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2023 D50: Prospect #30

Updated: Feb 14, 2023

THIS IS THE PROSPECT PREAMBLE.

Each post will feature these words, so feel free to skip accordingly. I offer the same always-standing apologies for the lackluster quality of my writing, as well as the stream of consciousness nature that I write with. I sincerely wish that I was better at writing than I am but, alas, here we are. Also, I'm very good at this as compared to most, but I am still VERY bad at it. Just think about that for a second, for context purposes.


I want to start off by reminding everyone that these posts are aided and enhanced by the works of Baseball Reference, FanGraphs, Baseball America, and Prospects Live. Each embedded link will take you to their subscription pages and you should absolutely do that. Shout out to Geoff Pontes and Matt Thompson from Baseball America and Prospects Live, respectfully, because they're awesome. FanGraphs stats are OBVIOUSLY clutch and awesome, and that's why they are used in nearly every "Dirty" post. LOVE that FanGraphs.


Accordingly, @Cardinalsgifs provides his artistic touch to the pictures in each article, and I wouldn't do this at all if he wasn't a part of it. Special shoutout to @KareemSSN who is a must follow for Cardinals prospects stuff. His partner in crime is @Cardinalsreek and they have their own prospect list coming out soon!! Shoutout to Blake Newberry (@BT_Newberry)and Brian Walton (@B_Walton) for their work on their list over at The Cardinal Nation, too.


I also want to remind everyone that my list is different in that I don't include players with rookie eligibility that have made a Major League debut. So, you'll have to look elsewhere for Matthew Liberatore, Ivan Herrera, Alec Burleson, Nolan Gorman, Juan Yepez, Brendan Donovan, Jake Walsh, Andre Pallante, and ZacK Thompson. Some of these guys have exhausted their prospect status, anyway. I'm just trying to get ahead of this because I will 100% be asked about each. I did almost add 32-year-old Rule 5 draft selection Wilking Rodriguez to the list, but decided against it because he's 32-years-old, entering his age 33 season, and the coverage of him will surely be overly saturated by the time that Spring Training gets going. Also, I didn't add recently acquired Jose Fermín because I just don't care at all. I'm sure he'll make a Major League debut at some point in 2023 which will be cool but I just can't find it in me to care about it at all.


The last thing that I'd like to do is remind everyone that this is just a snap shot of THIS moment. I'm not 100% sure what every player on the list has worked on or has been doing this offseason. So, when I'm a little more conservative with a player like, say, Michael McGreevy, it's without the knowledge of what he's worked on this offseason, along with the gains that he's made in the areas that I'm concerned about. You never know when/if things are going to click for a player, and there's more reason now than ever before - with the advancements in modern baseball technologies - for a prospect to catapult themselves from out of nowhere. Vice versa, it's easier than ever for a prospect to fall off into obscurity.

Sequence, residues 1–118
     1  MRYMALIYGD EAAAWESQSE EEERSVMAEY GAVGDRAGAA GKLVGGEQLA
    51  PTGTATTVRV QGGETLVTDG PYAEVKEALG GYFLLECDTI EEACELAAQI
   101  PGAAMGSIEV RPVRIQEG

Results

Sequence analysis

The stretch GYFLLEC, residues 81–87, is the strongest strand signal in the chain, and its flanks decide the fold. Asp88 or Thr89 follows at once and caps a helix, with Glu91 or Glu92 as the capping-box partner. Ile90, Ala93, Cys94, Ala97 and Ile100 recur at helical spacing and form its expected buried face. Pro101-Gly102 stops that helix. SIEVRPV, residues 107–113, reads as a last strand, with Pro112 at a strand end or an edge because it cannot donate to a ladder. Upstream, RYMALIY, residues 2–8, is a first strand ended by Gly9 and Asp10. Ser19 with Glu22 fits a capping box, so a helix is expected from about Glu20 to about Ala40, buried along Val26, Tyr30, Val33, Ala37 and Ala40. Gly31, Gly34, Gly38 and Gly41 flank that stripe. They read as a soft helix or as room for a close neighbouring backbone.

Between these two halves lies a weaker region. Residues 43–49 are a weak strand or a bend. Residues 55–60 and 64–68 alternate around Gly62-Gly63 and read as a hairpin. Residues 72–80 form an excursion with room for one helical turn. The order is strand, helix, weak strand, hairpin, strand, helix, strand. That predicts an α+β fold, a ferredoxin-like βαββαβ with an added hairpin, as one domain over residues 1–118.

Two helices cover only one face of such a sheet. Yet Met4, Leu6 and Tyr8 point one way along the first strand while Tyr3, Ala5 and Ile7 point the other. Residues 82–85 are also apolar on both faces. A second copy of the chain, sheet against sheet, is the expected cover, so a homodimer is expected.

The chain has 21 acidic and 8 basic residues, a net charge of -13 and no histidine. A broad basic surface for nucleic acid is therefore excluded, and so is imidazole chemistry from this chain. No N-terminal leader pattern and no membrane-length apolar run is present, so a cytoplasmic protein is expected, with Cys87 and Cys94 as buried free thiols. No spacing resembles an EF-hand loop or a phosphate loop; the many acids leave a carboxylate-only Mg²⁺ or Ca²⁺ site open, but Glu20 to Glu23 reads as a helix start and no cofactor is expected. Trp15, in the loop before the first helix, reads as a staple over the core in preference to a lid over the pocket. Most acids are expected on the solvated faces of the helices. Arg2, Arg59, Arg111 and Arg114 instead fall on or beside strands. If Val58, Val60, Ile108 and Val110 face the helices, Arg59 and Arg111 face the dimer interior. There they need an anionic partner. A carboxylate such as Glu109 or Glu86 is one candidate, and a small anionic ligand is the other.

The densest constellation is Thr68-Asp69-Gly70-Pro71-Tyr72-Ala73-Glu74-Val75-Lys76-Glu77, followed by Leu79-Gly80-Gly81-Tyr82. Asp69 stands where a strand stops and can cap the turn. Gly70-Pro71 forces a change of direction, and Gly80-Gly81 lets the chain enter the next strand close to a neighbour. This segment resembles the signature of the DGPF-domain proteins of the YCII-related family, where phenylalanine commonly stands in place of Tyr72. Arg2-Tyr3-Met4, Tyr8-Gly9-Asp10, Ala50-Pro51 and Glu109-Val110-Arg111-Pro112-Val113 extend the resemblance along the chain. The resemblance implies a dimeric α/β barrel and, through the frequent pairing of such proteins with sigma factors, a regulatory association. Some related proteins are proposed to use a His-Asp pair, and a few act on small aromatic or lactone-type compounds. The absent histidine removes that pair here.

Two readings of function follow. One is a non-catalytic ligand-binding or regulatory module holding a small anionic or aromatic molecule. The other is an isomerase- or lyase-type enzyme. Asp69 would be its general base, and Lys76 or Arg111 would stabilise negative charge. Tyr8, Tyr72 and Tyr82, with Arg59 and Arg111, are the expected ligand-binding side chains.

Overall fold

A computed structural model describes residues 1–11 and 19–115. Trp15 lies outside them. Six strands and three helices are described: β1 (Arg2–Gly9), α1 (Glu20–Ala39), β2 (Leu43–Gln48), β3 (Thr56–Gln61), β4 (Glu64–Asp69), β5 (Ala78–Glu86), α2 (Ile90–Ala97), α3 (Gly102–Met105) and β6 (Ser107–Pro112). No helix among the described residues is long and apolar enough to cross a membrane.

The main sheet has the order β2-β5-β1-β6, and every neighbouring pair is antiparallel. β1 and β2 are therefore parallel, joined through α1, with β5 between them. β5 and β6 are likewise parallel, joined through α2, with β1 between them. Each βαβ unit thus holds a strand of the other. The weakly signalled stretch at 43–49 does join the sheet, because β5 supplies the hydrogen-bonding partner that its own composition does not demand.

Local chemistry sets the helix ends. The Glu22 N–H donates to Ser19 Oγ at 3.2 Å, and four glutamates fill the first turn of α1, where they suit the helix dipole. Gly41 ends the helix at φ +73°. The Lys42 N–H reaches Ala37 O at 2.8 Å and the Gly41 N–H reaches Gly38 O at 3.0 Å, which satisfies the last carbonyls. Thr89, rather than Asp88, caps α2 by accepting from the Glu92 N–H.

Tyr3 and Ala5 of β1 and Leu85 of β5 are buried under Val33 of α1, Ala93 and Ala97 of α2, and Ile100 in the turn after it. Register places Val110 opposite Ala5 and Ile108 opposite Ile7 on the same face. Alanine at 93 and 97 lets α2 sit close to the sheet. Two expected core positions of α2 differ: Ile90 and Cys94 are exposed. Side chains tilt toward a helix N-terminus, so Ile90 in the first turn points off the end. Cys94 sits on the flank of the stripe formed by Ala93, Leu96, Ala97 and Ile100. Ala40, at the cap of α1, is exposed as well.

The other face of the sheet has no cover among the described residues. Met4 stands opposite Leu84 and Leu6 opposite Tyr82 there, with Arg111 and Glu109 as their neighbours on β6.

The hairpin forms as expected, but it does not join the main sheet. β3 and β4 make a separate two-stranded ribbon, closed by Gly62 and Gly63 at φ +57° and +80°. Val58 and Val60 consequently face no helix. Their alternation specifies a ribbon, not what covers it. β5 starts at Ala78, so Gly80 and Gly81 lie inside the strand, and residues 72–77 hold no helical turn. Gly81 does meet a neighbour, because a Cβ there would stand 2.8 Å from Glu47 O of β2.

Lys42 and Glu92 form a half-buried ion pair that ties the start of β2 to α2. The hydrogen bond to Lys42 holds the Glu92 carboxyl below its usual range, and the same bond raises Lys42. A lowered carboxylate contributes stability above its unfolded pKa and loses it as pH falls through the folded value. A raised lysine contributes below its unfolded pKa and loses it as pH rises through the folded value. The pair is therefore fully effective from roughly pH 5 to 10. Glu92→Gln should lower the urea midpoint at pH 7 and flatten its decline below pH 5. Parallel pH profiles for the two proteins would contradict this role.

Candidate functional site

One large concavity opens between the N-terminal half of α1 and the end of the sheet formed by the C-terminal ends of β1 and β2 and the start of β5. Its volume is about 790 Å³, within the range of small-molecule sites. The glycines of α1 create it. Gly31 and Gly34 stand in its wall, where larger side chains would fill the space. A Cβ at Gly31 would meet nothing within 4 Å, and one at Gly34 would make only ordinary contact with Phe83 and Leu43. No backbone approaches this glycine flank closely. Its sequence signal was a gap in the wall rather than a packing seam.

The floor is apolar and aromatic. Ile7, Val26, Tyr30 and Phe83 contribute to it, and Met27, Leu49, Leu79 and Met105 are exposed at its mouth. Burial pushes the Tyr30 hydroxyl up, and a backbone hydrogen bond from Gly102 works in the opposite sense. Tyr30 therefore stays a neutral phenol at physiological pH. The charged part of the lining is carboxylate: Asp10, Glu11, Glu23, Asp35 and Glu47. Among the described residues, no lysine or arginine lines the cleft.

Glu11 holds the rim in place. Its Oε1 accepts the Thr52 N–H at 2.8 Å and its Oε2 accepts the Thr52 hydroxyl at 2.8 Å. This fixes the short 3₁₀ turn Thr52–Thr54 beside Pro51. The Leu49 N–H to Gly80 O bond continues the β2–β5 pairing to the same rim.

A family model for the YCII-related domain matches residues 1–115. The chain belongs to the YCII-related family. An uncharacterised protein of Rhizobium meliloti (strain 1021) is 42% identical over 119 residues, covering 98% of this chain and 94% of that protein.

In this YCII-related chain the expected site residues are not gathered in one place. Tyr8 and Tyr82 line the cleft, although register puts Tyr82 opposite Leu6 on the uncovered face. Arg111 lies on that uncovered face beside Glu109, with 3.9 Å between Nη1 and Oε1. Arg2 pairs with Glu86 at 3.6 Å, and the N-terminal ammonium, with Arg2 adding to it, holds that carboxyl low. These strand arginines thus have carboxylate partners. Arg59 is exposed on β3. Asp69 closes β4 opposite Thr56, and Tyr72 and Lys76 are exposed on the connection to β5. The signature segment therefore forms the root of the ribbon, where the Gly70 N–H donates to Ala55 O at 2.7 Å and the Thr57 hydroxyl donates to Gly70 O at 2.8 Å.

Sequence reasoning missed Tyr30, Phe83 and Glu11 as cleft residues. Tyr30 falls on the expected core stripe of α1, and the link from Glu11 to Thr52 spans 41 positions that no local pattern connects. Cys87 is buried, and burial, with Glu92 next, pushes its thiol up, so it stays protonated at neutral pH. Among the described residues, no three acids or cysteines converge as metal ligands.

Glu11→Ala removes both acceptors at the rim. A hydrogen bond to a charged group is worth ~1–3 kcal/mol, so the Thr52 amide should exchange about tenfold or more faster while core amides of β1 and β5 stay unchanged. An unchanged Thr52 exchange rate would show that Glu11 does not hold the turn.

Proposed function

Finally, I'd like to provide links to other sites that rank Cardinals' prospects. The Cardinal Nation, Prospects Live, and Baseball America all have their 2023 lists published, and MLB and FanGraphs will link to their most recent rankings from 2022:

THE CARDINAL NATION (Subscribe to the damn site, dummies) MLB


THIS HAS GONE ON TOO LONG. LET'S. GO.



1B Luken Baker

Age 26 Season (March Birthday)

Drafted in the 2nd Round of the 2018 Draft

Listed at 6'4, 280 (lol). Bats R, Throws R.



I will never fully give up on any prospect after one shitty season. Especially one shitty season at the highest level of the minors.


It was kind of a shitty year for Baker, though.


Still, we will not give up on a kid that strikes the ball as hard as Baker does, either. Especially when there is clearly more raw power in his swing and size than most of the prospects in the organization.


There's also this weird thing about Baker that I think is very hard to describe or quantify. It might be a little bit of a cop-out of an evaluation, and it might be an evaluator looking too hard for positives, but I don't believe that there is a hitter in the organization that "just misses" pitches the way that Baker does. At-bat after at-bat, Baker fouls off pitches of all types that he "just misses".